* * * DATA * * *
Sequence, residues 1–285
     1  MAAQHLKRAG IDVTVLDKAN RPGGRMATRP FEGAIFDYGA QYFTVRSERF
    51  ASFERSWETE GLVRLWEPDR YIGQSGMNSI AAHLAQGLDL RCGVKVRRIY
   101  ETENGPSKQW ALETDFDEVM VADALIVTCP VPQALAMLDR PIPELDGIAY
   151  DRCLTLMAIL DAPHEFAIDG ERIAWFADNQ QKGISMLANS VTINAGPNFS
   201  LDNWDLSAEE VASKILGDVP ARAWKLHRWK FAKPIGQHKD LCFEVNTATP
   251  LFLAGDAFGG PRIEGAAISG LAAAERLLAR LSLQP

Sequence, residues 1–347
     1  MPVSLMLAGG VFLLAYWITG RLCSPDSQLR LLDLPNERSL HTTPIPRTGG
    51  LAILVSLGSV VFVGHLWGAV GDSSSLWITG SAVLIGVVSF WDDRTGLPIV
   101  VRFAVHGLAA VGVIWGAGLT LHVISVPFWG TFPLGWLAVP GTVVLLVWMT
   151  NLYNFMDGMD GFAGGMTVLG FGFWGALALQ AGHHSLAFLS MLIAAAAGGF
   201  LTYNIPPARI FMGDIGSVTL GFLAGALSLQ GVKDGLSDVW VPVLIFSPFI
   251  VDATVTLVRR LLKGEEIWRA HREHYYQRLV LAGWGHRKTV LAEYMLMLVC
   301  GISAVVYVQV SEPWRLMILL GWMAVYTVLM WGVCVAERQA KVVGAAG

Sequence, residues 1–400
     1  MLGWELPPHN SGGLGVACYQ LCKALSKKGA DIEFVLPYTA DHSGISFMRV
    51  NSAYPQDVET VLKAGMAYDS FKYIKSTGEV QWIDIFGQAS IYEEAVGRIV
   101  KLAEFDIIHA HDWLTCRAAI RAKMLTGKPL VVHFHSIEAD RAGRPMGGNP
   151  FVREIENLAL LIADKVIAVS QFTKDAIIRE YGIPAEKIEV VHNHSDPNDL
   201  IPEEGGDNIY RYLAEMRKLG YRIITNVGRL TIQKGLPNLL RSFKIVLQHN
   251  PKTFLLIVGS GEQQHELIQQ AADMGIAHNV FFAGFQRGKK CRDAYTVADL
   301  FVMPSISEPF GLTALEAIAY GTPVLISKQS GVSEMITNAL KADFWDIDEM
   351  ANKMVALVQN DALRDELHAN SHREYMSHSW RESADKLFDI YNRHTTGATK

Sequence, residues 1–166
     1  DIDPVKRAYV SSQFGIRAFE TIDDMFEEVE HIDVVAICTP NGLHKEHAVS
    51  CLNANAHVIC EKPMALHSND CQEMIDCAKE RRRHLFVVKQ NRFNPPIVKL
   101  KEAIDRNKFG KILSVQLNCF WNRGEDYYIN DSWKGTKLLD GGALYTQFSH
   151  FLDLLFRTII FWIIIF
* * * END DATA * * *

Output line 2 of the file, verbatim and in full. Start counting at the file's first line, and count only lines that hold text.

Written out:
     1  MAAQHLKRAG IDVTVLDKAN RPGGRMATRP FEGAIFDYGA QYFTVRSERF